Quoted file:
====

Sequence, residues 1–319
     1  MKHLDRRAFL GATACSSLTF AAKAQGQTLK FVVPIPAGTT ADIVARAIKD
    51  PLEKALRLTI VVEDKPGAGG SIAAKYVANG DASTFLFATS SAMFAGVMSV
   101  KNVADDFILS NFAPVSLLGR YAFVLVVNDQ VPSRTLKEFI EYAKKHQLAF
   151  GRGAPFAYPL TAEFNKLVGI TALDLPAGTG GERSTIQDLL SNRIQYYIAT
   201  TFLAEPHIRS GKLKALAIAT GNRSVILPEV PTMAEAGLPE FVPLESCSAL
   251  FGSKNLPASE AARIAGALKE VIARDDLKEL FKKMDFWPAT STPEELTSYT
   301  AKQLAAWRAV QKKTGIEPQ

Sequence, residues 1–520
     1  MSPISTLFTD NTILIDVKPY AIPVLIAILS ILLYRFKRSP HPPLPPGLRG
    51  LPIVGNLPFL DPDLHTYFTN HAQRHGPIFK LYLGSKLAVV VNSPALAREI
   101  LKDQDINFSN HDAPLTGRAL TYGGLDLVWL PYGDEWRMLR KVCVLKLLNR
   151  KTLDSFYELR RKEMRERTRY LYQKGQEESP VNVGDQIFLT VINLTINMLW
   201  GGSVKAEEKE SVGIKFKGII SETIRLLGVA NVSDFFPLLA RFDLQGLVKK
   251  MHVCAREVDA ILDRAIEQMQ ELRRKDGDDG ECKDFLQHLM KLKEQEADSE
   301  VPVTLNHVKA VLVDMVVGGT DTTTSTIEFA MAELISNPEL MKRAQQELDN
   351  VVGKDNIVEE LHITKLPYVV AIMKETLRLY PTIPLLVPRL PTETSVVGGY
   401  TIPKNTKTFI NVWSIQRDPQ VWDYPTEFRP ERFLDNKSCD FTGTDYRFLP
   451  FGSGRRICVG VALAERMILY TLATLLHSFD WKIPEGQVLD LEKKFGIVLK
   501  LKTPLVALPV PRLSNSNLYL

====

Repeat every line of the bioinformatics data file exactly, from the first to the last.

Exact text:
Sequence, residues 1–319
     1  MKHLDRRAFL GATACSSLTF AAKAQGQTLK FVVPIPAGTT ADIVARAIKD
    51  PLEKALRLTI VVEDKPGAGG SIAAKYVANG DASTFLFATS SAMFAGVMSV
   101  KNVADDFILS NFAPVSLLGR YAFVLVVNDQ VPSRTLKEFI EYAKKHQLAF
   151  GRGAPFAYPL TAEFNKLVGI TALDLPAGTG GERSTIQDLL SNRIQYYIAT
   201  TFLAEPHIRS GKLKALAIAT GNRSVILPEV PTMAEAGLPE FVPLESCSAL
   251  FGSKNLPASE AARIAGALKE VIARDDLKEL FKKMDFWPAT STPEELTSYT
   301  AKQLAAWRAV QKKTGIEPQ

Sequence, residues 1–520
     1  MSPISTLFTD NTILIDVKPY AIPVLIAILS ILLYRFKRSP HPPLPPGLRG
    51  LPIVGNLPFL DPDLHTYFTN HAQRHGPIFK LYLGSKLAVV VNSPALAREI
   101  LKDQDINFSN HDAPLTGRAL TYGGLDLVWL PYGDEWRMLR KVCVLKLLNR
   151  KTLDSFYELR RKEMRERTRY LYQKGQEESP VNVGDQIFLT VINLTINMLW
   201  GGSVKAEEKE SVGIKFKGII SETIRLLGVA NVSDFFPLLA RFDLQGLVKK
   251  MHVCAREVDA ILDRAIEQMQ ELRRKDGDDG ECKDFLQHLM KLKEQEADSE
   301  VPVTLNHVKA VLVDMVVGGT DTTTSTIEFA MAELISNPEL MKRAQQELDN
   351  VVGKDNIVEE LHITKLPYVV AIMKETLRLY PTIPLLVPRL PTETSVVGGY
   401  TIPKNTKTFI NVWSIQRDPQ VWDYPTEFRP ERFLDNKSCD FTGTDYRFLP
   451  FGSGRRICVG VALAERMILY TLATLLHSFD WKIPEGQVLD LEKKFGIVLK
   501  LKTPLVALPV PRLSNSNLYL